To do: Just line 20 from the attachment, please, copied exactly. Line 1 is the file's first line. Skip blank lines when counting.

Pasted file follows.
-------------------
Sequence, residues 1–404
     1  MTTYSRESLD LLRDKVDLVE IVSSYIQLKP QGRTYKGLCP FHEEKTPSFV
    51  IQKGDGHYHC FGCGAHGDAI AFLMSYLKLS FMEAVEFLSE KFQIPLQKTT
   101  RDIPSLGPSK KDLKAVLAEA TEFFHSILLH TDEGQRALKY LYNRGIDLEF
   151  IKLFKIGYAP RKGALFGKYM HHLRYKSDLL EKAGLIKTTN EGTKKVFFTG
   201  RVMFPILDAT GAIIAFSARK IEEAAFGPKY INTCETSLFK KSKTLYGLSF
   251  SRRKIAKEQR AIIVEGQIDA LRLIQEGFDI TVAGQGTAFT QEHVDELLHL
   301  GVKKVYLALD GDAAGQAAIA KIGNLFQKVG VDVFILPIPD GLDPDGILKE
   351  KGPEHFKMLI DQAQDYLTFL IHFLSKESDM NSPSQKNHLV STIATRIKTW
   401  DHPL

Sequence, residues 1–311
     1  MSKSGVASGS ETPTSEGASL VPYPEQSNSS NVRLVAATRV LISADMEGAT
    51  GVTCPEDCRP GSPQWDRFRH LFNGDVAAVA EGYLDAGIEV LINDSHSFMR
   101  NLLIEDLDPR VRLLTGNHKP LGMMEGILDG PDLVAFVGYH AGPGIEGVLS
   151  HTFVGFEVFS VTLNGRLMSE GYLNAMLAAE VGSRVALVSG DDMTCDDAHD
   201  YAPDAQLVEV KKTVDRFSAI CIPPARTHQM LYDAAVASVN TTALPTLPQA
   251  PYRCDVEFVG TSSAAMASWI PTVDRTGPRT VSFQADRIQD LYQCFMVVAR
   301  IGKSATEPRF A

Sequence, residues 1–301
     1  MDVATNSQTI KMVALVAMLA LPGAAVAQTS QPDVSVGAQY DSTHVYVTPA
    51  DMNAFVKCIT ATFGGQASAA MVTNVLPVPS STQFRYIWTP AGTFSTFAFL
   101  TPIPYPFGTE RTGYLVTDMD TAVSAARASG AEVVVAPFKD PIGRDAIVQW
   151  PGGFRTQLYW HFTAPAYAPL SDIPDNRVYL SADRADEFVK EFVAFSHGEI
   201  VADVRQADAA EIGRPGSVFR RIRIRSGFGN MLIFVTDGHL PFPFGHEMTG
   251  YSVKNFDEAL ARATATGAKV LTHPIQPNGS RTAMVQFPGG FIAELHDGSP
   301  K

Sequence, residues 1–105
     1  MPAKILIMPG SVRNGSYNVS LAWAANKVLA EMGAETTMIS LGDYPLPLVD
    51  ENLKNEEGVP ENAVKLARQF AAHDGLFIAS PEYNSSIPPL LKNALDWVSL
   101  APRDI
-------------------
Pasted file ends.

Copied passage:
     1  MDVATNSQTI KMVALVAMLA LPGAAVAQTS QPDVSVGAQY DSTHVYVTPA